At the end of the first day of The Open, I went where very few people have gone before: To watch the last group in the farthest corner of the golf course
I headed to the grandstand behind the par-4 7th green on what was a chilly Thursday evening – I’d underestimated the temperature and didn’t take a jumper.
I was in pursuit of the last group of the day, but when I arrived, it wasn’t even the penultimate group.
I waited for two groups to pass and shivered every second as Hurly Long, Marco Penge, and Seungsu Han eventually arrived.
There were still lingering spectators here and there, as well as a smattering of marshals ticking the hands around their watches until the end of their shifts.
A group of spectators stood on a temporary platform of scaffolding in one of the gardens next to the 8th tee to provide a touch of raucousness.
But overall, peace reigned, and I enjoyed a rather therapeutic evening.
You could hear a pin drop and you had the freedom of the rope without standing on your tiptoes, peering over the shoulders of giants.
The contrast between different quarters of the course was astonishing.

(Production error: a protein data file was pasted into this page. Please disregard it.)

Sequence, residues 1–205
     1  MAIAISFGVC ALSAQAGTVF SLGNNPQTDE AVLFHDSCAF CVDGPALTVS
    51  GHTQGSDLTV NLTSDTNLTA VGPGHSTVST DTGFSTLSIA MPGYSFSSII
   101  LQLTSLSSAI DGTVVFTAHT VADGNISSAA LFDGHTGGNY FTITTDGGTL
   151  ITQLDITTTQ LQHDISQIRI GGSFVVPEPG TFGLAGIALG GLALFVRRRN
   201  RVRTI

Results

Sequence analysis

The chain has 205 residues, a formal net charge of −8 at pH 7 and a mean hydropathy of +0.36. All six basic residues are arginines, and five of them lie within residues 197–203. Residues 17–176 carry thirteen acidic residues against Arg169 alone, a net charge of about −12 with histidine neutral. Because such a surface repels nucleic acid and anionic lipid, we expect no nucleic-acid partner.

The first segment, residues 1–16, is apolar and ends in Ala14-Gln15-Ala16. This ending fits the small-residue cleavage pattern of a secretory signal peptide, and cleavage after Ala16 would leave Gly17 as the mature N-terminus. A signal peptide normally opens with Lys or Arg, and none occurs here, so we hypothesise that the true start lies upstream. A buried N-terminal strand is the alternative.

As I stood on one hole virtually on my own, Rory McIlroy, Jon Rahm, and Justin Rose were surrounded by vast crowds and greeted by loud cheers just over a nearby hill.
Phil Mickelson garnered some loud support behind them too, while my group was roughly 100 yards away and playing in complete tranquillity.
Long brought the entertainment to the 8th green by holing a putt that looped around the cup’s circumference – a rare birdie on this tricky par-4 as one marshal commented.
I shamelessly took advantage of the freedom to roam in the next grandstand so much that I was asked to move out of someone’s way who I’d obliviously blocked for a minute or so.
While cutting a solemn figure in the seats behind the 9th green, I met Penge’s father who told me his son had just been married last Saturday to his new wife Sophie. A honeymoon in Hoylake you say?
He and Marco had a picture together at Royal Liverpool in 2006 when Tiger Woods lifted his third Claret Jug. I quickly learned the Penge family has a poignant connection with the famous Merseyside links.
He willed his son on and between each shot, he talked me through the complexities of the Challenge Tour and the toils of travel in Europe.
I was rewarded for my dedication on the 11th tee box with a stunning view across to Wales. It was a priceless scene that now has a proud place in my photo album.
As much as this part of my walk was fun, one thing became abundantly clear. How long was this group taking to play?
The trio took over three hours to complete 10 holes. This wasn’t helped by a brief search for Long’s ball in the thick stuff right of the 11th fairway (not to mention his tennis-player grunts when thrashing his ball out)
But what’s new here? As the sun began to drop, I didn’t regret my decision to join the final group.
In fact, I thoroughly enjoyed it. Bring on Troon!
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